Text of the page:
The influx of migrants to the Russian borders with Norway and Finland could not have happened without the supervision of Russian security services. The migration route leading to the north-west of Russia runs through a zone of special military interest (particularly the Murmansk region), and is under the security services’ constant supervision. This rules out the free movement of the migrants, or the unsupervised activities of criminal people-smuggling groups. The Russian authorities also bear the responsibility for the corruption in state institutions (diplomatic posts, functionaries of the Foreign Ministry and the Federal Migration Service) which issue documents allowing entry and residence on the territory of Russia. Asylum seekers in Finland (and Norway) mostly hold documents certifying the legality of their stay in Russia (tourist visas or temporary work permits).


Cooperation ‘under the gun’ of migration

In the face of an increasingly difficult situation at both border crossings, in December 2015 the government of Juha Sipilä decided to try and stop the flow of migrants by holding bilateral talks with Russia, without resorting to resolve the problem within the framework of the European Union. This approach was caused not only by problems with the readmission of migrants denied asylum in Norway to Russia, but also with the historical background to Finnish-Russian relations, inherited from the times of the cold war, namely the conviction of the need to seek bilateral solutions to contentious issues. Such an approach, however, does not apply to the area of defence policy, where Helsinki has decided to develop its cooperation, mainly with NATO, the US and Sweden. Several months of Finnish-Russian talks – at the levels of the two countries’ migration services, Ministries of the Interior (the heads of the interior ministries met this January and set up a joint working group of law enforcement agencies dealing with illegal migration) and Prime Ministers (Sipilä met Medvedev this January) – resulted in a halt to the influx of migrants from the territory of Russia at the beginning of March this year. At a meeting of Presidents Niinistö and Putin (22 March), representatives of the Finnish Ministry of the Interior and Russian Federal Migration Service signed two agreements; on restrictions on border traffic at two Finnish-Russian crossings in Lapland (limiting traffic to citizens of Finland, Russia, Belarus and members of their families; the agreement will be valid for up to 180 days from the date of its entry into force), and on countering illegal migration. However, the agreements may prove to be only a temporary solution to the problem, since their implementation is dependent on the will of Russia, and there is a risk that the migratory pressure can be resumed.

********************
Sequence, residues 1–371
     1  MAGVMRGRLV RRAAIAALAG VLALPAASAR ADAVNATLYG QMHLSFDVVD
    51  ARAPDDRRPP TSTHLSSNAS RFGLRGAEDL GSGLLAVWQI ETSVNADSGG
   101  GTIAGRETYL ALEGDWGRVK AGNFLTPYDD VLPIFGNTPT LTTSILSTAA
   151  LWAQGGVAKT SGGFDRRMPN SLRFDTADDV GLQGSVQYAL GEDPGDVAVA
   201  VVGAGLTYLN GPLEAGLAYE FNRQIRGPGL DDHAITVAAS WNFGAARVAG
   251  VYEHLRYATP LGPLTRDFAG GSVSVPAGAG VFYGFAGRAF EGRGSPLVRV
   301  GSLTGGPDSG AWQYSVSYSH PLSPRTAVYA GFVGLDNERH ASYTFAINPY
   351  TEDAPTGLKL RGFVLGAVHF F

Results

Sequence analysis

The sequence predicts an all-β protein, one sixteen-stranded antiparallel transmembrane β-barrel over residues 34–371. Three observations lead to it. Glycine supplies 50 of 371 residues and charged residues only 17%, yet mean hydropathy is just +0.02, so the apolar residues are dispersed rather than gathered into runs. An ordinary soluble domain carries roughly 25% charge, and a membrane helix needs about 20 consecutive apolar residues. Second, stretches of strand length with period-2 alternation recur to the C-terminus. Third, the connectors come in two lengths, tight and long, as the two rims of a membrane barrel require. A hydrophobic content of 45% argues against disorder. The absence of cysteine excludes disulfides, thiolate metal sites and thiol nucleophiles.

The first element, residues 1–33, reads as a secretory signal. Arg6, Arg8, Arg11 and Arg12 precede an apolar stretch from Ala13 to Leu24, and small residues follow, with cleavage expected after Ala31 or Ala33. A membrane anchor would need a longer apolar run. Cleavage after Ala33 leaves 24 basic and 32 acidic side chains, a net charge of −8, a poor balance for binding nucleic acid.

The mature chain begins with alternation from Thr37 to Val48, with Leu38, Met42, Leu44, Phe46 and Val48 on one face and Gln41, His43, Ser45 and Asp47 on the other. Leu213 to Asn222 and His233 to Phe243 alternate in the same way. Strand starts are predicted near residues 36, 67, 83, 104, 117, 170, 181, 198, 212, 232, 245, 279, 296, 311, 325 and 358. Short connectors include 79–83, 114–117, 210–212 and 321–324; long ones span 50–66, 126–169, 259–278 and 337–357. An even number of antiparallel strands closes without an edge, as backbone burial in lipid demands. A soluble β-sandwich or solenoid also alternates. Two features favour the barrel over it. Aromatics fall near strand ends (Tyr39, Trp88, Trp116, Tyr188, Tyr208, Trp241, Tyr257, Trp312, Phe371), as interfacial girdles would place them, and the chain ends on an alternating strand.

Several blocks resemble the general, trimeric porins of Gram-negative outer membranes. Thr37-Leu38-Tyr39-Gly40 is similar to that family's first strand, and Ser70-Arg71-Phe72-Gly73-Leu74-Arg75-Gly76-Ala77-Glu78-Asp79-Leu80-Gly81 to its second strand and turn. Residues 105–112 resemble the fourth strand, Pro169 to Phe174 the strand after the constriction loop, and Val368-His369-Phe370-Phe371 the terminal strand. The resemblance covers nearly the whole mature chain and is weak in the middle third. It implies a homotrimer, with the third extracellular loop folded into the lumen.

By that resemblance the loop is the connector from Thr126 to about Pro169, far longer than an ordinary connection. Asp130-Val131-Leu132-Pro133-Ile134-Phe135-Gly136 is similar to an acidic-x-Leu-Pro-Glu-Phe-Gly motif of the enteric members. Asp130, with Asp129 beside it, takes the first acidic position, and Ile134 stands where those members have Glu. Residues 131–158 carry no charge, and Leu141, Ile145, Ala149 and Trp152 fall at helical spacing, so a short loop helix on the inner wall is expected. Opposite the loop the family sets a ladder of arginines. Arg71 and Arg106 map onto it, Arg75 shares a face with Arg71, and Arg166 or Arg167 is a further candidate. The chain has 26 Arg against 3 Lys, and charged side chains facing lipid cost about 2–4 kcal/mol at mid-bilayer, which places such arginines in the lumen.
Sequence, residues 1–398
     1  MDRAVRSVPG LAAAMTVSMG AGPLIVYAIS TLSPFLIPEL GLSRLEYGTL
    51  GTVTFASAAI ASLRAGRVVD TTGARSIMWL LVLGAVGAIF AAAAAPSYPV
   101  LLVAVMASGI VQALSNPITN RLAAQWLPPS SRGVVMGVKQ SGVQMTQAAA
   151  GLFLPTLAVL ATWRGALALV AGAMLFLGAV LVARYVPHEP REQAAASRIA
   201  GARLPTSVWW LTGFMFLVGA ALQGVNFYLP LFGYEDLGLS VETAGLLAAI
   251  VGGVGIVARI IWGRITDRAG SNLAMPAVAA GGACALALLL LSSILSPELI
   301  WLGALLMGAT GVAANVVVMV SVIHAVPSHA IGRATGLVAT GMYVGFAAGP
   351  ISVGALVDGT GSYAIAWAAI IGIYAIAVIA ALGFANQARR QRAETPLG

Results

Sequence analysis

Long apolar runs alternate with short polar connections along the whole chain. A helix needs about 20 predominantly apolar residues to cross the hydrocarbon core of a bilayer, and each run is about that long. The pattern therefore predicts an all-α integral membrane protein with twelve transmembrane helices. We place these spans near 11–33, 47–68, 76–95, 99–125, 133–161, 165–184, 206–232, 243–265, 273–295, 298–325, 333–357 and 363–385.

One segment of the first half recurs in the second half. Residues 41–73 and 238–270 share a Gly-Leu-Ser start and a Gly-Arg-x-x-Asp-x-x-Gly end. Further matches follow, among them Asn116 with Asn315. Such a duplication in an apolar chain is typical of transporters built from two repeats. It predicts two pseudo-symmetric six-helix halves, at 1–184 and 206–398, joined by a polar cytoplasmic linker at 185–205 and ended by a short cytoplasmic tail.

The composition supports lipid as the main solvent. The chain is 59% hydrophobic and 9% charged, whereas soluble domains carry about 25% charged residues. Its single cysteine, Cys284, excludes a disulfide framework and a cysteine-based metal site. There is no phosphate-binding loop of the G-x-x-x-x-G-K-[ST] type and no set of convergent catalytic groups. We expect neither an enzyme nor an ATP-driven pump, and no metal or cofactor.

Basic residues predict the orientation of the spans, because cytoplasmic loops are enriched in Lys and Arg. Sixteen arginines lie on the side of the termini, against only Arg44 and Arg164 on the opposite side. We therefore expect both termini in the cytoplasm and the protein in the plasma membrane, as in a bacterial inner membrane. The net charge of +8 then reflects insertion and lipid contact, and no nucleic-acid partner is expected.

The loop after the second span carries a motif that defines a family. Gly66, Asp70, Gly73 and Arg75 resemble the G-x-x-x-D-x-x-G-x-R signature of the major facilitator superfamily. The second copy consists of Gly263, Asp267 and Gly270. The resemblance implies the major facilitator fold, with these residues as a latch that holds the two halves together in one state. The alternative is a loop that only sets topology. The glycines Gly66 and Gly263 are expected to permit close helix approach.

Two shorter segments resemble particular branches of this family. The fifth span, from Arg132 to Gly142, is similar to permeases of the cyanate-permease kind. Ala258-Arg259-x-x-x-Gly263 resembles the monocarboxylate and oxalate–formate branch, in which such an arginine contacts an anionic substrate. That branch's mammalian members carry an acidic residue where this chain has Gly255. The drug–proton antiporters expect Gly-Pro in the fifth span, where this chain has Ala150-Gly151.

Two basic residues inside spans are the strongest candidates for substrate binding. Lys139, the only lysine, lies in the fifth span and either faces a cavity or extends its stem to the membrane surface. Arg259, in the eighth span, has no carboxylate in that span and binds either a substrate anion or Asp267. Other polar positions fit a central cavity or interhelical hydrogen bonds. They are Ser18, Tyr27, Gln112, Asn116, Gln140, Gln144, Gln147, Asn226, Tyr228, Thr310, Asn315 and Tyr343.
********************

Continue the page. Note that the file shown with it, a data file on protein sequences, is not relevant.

Migrants in Finland

In the years 2014-2015 Finland increased the number of refugees it accommodates as part of the UNHCR’s quota system from 750 to 1050 people annually. However, it was unprepared for the unprecedented increase in the number of asylum seekers in 2015, when the number of asylum applications amounted to 32,500 (nine times more than in 2014). 63% of the people in this group are citizens of Iraq; 16% Afghanistan, 6% Somalia, 3% Syria. On the Finnish-Russian border in the Lapland region (the Salla/Raja-Jooseppi crossing point) 700 asylum applications were lodged in 2015, and a further 1000 in January-February 2016 (mostly from citizens of Afghanistan; other large groups were made up of citizens of India, Syria and Bangladesh). To limit the number of people seeking asylum, Finland has announced a reduction in benefits, and intensified its efforts to return migrants from Iraq, Somalia and Afghanistan to their countries of origin under bilateral agreements. At the same time, however, it has pledged to adopt 3200 refugees from Greece and Italy, and 600 from Turkey, in accordance with the European Commission’s proposals.

Migrants in Russia

According to data from the Federal Migration Service (FMS) on migration to Russia, the number of illegal migrants resident in Russia (this number includes those whose documents have expired) is showing a downward trend (in relation to 2014) and amounted to 1.5 million people at the end of 2015 (of whom 800,000 had been there for over a year). It is emphasised that illegal migration in Russia is mainly economic in nature. There have been no alarms regarding an increase in the number of migrants from war-stricken Syria; according to the FMS, the number of Syrians resident on the territory of Russia is estimated at 11,000 people, and citizens of Afghanistan at 8000.